We have already ordered some video-to-USB adapters (EasyCAP DC60 – USB 2.0) that cost under $10 each, and we’ll see how they work—at least there was freeware available for running them from a Mac. I don’t know if we’ll need 2 laptops, or if one can run both cameras.

      Since it is all coming out of the pockets of two of the parents (me and one other), we are trying to keep the parts cost down. So far the wire and PVC parts have actually come to the most (things like expensive stainless steel U-bolts for mounting the motors), $100. We’re up to about $70 for vision (cameras and adapters, not counting laptops), $75 for 4 bilge pump motors, $20 for propeller adapters (which we may not use, if the new propellers work better than the ones tested so far), $20 for propellers to test. I figure we have another $25 for switches, fuses, and the control board, and another $20 for more PVC. Not to mention the props, which they forgot to get the parts for. So the whole thing is running between $300 and $400.

      I’m thinking of loaning them a 6.6Ah LiFePO4 battery I have for a project that is not going to be completed in the near future. They should be able to run 2 motors at a time off the battery, and it is much lighter and more rechargeable than lead-acid battery.

      I plan to put up some pictures, once the students get some building done. Not sure when that will happen though, as these kids have busy schedules.

      Comment by gasstationwithoutpumps — 2011 March 2 @ 20:27 | Reply

  3. Sigh, the (EasyCAP DC60 – USB 2.0) adapters arrived yesterday, but the combination of Anaconda camera, EasyCAP DC60, EasyCap Viewer, and MacBook Pro did not work. I don’t know where the problem is, and I don’t have the tools to debug. I’d need one or more of the following: another composite video source, a monitor that took composite input from a phono plug, and a Windows computer that I could install the EasyCap drivers in. Lacking all of those, I’m not sure what my best way forward is.

    I contacted the developer of the EasyCap Viewer software, and he was mystified. He did not that the Version 10 of the EasyCAP DC60 is older than any other he has seen—every one else seems to have Version 11. Perhaps the $9 adapters were not such a deal after all.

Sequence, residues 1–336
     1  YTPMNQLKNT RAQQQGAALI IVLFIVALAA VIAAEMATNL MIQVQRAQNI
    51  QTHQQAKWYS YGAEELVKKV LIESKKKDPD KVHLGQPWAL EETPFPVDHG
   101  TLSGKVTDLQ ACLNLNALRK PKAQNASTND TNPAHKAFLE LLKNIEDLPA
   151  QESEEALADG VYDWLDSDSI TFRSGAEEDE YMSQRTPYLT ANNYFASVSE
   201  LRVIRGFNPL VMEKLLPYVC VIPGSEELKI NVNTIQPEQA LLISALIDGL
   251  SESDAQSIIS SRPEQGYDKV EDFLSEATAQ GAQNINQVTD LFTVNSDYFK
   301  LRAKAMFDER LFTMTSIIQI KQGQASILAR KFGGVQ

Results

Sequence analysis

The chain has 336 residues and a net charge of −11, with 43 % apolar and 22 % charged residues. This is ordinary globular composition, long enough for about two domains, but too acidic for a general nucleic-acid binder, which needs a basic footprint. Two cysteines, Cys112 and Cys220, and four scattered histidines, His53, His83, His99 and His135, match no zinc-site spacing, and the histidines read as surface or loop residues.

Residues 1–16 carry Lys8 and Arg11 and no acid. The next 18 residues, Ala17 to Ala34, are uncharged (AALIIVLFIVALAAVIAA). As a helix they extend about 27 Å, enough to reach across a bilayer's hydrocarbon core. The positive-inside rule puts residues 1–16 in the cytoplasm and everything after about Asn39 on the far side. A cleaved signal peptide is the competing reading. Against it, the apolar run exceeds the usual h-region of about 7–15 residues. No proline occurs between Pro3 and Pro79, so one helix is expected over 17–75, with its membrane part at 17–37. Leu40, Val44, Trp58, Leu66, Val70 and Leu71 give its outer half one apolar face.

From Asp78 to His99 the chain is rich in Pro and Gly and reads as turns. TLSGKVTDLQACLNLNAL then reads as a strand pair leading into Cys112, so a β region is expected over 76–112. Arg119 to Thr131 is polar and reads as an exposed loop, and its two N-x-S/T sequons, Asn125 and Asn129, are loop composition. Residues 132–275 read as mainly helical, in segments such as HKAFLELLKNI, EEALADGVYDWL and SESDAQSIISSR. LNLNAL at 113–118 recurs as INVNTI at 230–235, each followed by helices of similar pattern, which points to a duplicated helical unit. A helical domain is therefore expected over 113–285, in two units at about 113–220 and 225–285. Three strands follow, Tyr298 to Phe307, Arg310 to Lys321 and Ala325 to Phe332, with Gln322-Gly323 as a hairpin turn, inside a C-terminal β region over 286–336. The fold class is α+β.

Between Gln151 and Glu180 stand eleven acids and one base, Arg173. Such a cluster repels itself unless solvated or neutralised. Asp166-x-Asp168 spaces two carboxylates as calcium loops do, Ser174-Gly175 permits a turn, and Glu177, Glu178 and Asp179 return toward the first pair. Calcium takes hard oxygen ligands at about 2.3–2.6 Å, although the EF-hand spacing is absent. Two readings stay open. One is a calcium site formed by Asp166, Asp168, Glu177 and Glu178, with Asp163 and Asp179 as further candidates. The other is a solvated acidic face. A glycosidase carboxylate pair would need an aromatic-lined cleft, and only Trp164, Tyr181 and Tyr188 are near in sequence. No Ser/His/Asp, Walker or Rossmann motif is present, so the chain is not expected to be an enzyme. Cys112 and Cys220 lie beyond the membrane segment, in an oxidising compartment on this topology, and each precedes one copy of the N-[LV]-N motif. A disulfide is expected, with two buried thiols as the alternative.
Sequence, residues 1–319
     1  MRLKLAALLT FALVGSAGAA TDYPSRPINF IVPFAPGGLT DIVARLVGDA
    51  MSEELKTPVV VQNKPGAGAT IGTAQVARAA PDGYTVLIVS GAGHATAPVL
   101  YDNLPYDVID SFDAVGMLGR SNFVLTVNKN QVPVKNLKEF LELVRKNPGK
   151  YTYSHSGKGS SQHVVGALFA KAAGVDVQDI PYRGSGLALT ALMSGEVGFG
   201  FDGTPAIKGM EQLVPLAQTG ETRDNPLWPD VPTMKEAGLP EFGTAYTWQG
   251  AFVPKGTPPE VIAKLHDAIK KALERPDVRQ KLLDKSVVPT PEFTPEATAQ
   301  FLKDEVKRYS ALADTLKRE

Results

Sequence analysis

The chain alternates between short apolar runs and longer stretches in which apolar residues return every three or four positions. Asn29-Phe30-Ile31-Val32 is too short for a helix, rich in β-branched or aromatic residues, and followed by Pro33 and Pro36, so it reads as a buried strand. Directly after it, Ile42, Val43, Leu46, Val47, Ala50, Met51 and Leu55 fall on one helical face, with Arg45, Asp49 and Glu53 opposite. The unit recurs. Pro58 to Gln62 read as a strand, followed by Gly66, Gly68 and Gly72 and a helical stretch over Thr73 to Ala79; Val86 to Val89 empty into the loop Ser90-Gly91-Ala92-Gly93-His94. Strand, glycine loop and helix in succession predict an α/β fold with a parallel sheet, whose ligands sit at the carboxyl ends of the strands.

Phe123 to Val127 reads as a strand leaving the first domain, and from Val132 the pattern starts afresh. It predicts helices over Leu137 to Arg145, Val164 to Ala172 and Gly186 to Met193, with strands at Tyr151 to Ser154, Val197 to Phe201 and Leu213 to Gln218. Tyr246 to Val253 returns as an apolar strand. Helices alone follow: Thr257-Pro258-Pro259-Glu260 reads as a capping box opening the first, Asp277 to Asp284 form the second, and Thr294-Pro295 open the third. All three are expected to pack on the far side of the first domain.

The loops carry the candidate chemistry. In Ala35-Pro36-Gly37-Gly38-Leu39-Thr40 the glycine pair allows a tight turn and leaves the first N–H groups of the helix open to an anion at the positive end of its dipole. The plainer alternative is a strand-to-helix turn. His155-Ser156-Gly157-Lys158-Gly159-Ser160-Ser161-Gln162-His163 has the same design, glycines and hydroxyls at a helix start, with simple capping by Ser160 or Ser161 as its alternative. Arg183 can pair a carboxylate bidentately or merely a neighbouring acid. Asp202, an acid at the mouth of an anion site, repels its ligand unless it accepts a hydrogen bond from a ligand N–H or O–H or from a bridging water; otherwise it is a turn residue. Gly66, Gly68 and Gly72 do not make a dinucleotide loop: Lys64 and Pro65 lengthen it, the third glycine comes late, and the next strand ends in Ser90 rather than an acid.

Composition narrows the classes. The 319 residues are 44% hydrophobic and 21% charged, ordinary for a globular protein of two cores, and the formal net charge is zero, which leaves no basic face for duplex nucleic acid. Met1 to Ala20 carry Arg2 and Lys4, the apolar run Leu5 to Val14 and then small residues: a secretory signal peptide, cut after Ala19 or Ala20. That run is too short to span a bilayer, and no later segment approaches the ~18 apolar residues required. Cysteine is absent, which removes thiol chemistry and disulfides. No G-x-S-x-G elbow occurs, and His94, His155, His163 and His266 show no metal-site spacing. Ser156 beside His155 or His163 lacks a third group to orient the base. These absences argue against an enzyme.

Comment by gasstationwithoutpumps — 2011 March 4 @ 17:51 | Reply

    • Bummer. Wish I had some useful suggestions, but the products I’ve got in mind are unreasonably priced for this application (pinnacle’s video capture product, for example, is in the $100 range). At the same time, I take Jeremy’s point, above — if you’re going to buy something expensive, better that it’s at the surface, not in the water. In your shoes I’d be tempted to borrow a Windows computer, a VCR (source of analog output) or an old TV with a composite input for troubleshooting. You mention that there are only two parents contributing funds… might there be a parent who can’t contribute money but could loan one of those items, either for troubleshooting or for the length of the project? If you find a reasonably-priced video capture product, I’d be curious to know.

      Comment by Mylene — 2011 March 5 @ 09:31 | Reply

      • Well, there are only 3 students currently involved, so there isn’t a lot of extra parent depth to go to for funding.

        I’m pretty sure that the cameras work (they were tested at the waterproofing workshop), and that the problem is in the video capture device or the software. The most likely is the software, since the developer admits he hasn’t seen version 10 of the hardware before, and version changes in the hardware are likely to result in different demands on the driver. That means we might be able to work with a Windows computer. I will find out if any family in the club uses Windows.

        Comment by gasstationwithoutpumps — 2011 March 5 @ 11:05 | Reply

        • just started first rov some great ideas. camera the big one

          Comment by chris — 2013 July 22 @ 17:44 | Reply